She Wrote About the Family Babysitter by Margaret Drabble review – a gripping story of resistance

She Wrote About the Family Babysitter A working class female turned gambler, Molly Mabley was an inspiration for the author Margaret Drabble Read more She Wrote About the Family Babysitter by Margaret Drabble was…

She Wrote About the Family Babysitter by Margaret Drabble review – a gripping story of resistance

She Wrote About the Family Babysitter A working class female turned gambler, Molly Mabley was an inspiration for the author Margaret Drabble Read more

She Wrote About the Family Babysitter by Margaret Drabble was set in a blue-collar area of Stratford-upon-Avon. The tale of Molly Mabley’s life as a suburban babysitter in the late 20th century is narrated by her middle daughter, Marian, as she prepares for school, worries about her mother’s forthcoming funeral and tries to establish herself as a proper member of the working class.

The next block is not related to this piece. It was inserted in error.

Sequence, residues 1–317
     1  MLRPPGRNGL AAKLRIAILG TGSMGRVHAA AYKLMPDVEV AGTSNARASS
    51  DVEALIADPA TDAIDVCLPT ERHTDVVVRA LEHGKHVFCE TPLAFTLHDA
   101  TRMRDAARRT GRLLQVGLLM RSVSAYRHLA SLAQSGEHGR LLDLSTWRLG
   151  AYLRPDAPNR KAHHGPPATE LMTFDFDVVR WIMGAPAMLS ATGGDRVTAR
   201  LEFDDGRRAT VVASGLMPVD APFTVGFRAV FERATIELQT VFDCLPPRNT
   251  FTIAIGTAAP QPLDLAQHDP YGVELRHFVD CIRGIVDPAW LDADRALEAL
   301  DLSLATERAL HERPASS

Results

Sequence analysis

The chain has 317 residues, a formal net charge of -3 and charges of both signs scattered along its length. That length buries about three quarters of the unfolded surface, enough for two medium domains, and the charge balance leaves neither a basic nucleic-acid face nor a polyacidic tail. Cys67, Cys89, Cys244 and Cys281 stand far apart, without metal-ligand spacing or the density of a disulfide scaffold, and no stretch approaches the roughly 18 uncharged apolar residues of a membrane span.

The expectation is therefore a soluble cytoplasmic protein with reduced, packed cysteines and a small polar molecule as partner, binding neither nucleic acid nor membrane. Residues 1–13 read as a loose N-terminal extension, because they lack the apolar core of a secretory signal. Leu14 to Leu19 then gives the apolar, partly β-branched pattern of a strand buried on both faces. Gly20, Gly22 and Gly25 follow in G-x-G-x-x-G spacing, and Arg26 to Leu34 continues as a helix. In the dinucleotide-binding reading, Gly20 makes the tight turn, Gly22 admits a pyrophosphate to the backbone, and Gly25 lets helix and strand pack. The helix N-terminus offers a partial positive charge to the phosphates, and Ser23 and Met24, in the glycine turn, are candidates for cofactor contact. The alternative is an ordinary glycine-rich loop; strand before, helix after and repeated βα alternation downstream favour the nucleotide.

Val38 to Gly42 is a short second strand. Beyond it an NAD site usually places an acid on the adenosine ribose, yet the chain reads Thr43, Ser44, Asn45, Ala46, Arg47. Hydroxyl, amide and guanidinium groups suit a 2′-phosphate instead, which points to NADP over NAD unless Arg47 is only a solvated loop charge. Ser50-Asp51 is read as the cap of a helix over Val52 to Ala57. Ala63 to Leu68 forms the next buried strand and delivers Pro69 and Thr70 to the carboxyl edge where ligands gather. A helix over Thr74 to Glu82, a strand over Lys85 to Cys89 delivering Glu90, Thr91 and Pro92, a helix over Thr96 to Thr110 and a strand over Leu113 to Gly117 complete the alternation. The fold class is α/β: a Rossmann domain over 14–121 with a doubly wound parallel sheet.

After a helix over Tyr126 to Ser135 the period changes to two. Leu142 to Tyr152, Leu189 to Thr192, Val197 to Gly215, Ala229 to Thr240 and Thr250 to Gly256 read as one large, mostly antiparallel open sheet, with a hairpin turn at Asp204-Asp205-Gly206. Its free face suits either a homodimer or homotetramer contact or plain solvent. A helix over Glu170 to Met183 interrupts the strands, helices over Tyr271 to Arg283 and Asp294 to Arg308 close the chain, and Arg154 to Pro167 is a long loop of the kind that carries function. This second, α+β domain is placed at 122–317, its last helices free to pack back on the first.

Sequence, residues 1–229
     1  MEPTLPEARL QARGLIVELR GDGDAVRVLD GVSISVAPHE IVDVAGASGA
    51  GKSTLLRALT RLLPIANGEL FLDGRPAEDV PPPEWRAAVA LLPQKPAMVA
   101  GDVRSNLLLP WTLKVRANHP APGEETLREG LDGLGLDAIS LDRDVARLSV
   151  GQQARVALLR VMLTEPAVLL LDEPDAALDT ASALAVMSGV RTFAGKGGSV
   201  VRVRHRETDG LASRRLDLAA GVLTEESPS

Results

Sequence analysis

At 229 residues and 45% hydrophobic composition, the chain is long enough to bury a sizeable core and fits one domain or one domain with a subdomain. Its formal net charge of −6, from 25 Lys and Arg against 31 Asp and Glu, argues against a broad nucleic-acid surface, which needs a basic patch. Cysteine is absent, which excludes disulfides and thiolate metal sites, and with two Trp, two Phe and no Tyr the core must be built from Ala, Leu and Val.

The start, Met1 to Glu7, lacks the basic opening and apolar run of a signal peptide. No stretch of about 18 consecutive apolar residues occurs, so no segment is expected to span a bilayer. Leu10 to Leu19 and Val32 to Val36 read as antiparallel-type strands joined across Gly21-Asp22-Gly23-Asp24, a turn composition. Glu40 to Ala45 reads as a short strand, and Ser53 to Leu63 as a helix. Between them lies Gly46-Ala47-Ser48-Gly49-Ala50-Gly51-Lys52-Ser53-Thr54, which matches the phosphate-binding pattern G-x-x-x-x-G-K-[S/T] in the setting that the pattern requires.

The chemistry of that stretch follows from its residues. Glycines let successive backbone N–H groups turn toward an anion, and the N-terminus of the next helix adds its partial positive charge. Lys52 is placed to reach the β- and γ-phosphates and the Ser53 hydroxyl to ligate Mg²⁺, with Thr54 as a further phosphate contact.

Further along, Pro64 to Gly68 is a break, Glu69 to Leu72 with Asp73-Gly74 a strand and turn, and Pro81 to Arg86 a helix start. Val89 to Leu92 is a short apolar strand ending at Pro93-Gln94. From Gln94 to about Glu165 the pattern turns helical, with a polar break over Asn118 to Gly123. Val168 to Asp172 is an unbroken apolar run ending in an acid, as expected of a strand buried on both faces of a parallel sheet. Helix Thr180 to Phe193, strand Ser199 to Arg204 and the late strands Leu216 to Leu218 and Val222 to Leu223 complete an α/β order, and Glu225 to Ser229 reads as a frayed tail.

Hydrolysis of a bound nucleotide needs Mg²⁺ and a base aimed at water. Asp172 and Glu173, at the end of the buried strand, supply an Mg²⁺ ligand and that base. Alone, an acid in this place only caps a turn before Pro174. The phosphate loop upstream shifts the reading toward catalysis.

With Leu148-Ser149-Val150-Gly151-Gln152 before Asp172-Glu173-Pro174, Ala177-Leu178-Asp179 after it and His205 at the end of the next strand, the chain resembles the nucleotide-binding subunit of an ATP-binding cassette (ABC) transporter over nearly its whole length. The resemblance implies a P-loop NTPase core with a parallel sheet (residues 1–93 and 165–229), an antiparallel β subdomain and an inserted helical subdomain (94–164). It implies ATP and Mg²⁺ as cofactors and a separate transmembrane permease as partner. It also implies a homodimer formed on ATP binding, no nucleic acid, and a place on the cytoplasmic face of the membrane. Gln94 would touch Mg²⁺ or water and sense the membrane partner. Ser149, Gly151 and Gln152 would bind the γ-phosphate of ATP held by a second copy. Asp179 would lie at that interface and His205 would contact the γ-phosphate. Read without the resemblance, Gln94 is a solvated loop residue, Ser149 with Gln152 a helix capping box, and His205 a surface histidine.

At every turn Mabley either raises the reader’s hopes of a fairy-tale ending or tugs them with tales of the young people who behave badly – people like the child prostitute Guinevere, Molly herself and that irrepressible Boggs who caused so much trouble in the Mabley household. Sometimes it works, and sometimes it doesn’t. We have sympathy for Molly Mabley’s plight, being the battered wife of a wandering drunk, whose son is an apprentice drinker and whose husband does little to stop the abuse. But we also know that Mabley herself is a woman trapped in a system that shames and wastes her and that her dream of escaping the servitude she is trapped in is usually thwarted – the more vicious the higher up the ladder. A compelling story of courage and resistance, it’s worth revisiting to see how far Mabley goes to try to escape the social constraints and the responsibility to provide for those she loves. In what may be one of Margaret Drabble’s best-ever novels, her major lesson is that although you can’t be alone you should try to learn to let people get on with their lives without fear and without regard for personal appearance. It’s also worth remembering that sometimes you just have to give somebody a wild rocket. Sometimes it’s better to give people a rocket than a handbasket.

• Chris Atkinson’s Tracey points the way

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